The very first baby monitor was designed in the 30s, accompanying the expanding medium of radio broadcasting. It started as a humble, audio only system that consisted of a microphone, transmitter, and speaker. By the 70s, 2-way intercoms were developed; and by the early 2000s, it had evolved into video-capable units. With the introduction of more and more technologies, the baby monitors came to adapt complex innovations into their designs.

Presently, there are baby monitors that range from purely sound to high definition video recording devices, with innovative features like temperature sensing, humidity tracking, crypto security, and recorded lullabies and/or white noise makers. The task then becomes how to filter out the”fluff” while ensuring that it does what it is created to do: allow you to look at your child’s safety and comfort with ease, at any given time of the day or night.

From the abundance of options available, we’ve singled out one product that seems to have gotten it right, and has gotten it right for many years now. Infant Optics DXR-8 grabbed our attention for getting the right combination of functionality, durability, reliability, and innovation. Following are some comparisons with other top competitors.

Arlo Baby Monitor vs Infant Optics

 

Infant Optics DXR-8 vs Eufy SpaceView Arlo Baby Monitor vs Infant Optics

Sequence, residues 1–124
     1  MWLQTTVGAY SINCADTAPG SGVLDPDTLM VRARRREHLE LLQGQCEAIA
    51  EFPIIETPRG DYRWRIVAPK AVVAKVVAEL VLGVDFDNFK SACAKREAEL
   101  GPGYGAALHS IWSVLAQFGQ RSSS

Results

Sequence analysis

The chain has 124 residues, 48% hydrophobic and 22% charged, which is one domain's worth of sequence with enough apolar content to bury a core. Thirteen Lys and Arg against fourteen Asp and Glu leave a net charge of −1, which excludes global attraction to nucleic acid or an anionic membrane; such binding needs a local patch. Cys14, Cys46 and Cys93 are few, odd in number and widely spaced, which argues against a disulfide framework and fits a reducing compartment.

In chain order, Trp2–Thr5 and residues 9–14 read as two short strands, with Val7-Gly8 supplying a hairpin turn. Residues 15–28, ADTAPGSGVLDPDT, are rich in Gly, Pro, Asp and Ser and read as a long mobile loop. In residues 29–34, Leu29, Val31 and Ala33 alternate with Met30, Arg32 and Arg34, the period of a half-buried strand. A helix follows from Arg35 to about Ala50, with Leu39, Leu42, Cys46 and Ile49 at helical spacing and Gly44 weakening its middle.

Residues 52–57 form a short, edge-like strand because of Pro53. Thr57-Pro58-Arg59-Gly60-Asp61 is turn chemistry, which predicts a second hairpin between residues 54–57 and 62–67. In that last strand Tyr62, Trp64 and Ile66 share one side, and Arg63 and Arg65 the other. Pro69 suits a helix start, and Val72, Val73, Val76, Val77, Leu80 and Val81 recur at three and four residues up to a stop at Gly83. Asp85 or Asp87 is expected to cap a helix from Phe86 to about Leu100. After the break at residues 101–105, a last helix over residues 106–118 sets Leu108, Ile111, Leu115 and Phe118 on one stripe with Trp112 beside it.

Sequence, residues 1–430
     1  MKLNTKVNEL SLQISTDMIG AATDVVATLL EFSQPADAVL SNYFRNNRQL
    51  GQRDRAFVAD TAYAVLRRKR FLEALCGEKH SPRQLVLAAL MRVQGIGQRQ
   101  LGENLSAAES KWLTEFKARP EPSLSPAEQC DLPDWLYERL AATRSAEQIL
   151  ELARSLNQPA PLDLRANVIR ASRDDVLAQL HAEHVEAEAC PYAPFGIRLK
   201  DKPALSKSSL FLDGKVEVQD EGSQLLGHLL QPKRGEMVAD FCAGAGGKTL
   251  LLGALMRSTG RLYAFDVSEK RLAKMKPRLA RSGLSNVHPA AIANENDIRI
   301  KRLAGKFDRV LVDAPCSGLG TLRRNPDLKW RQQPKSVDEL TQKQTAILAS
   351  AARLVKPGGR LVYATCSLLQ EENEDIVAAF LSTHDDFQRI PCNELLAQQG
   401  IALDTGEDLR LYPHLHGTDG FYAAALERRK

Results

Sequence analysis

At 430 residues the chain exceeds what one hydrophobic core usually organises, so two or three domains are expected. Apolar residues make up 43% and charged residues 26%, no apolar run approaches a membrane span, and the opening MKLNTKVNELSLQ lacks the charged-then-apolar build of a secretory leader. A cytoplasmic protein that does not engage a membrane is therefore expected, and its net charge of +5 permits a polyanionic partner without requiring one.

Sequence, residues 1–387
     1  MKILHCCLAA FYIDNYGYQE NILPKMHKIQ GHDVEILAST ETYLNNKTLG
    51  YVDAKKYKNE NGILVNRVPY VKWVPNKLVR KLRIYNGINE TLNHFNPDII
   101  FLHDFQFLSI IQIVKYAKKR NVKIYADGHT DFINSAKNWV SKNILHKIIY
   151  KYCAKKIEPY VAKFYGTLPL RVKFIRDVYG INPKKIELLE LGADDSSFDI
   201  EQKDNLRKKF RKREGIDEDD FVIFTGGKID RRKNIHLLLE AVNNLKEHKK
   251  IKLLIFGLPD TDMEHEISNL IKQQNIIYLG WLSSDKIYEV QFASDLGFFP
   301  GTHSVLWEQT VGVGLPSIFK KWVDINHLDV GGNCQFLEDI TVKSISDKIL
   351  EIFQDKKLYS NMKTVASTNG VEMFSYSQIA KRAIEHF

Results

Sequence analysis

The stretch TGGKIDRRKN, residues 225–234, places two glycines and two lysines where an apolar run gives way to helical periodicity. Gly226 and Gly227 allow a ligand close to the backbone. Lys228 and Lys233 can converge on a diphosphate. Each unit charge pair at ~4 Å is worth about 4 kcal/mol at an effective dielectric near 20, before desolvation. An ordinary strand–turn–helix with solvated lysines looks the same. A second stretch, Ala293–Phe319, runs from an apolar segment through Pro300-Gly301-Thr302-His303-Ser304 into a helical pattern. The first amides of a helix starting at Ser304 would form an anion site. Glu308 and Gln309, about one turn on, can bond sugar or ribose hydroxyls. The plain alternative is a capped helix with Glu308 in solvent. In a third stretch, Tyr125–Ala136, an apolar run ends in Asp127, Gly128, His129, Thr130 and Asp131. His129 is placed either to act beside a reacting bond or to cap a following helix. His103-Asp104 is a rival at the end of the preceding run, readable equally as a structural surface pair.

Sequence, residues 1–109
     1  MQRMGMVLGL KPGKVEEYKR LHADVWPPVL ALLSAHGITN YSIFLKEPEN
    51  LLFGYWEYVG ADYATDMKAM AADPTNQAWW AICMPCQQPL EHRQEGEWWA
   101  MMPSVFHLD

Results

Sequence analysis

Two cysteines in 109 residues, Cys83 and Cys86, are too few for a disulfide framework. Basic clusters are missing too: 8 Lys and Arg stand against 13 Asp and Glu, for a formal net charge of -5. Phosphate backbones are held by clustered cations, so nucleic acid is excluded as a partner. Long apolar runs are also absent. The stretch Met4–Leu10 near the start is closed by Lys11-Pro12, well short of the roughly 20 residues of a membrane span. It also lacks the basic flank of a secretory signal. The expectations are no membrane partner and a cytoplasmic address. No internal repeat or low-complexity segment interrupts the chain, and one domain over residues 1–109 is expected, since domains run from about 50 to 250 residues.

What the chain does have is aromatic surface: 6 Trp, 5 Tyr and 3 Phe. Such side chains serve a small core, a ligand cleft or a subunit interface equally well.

Probably the only other baby monitor that comes close to the Infant Optics DXR-8 baby monitor is the one from Eufy SpaceView. At roughly the same price range, they’ve been elbowing one another for the top spot on reviewers’ lists since 2019. Make no mistake however, Infant Optics DXR-8’s track record for recognition remains currently unbeatable, with awards for the best baby monitor since 2017, including “Best Baby Monitor Of All Time” by New York Magazine.

It has earned the name “Mighty DXR-8” by doctors and expert tech reviewers because of its simple interface and dependability. It’s not surprising that it continues to be the best-selling brand of baby monitors in the market, with an average of 16,000 units sold monthly on Amazon, and more than 500,000 sales since its introduction to the market. Arlo Baby Monitor vs Infant Optics

Features

Security

Both baby monitors are favored by customers for their ease of use at home. Their local-only audio and video feed provides the utmost safety, giving parents additional reassurance — no need to be worried about hackers infiltrating their personal space! Aside from utilizing frequency-hopping spread spectrum (FHSS) technology that makes both infant monitors virtually decrypt-proof, they also don’t connect to the Internet, reducing risks of unwanted data transmission.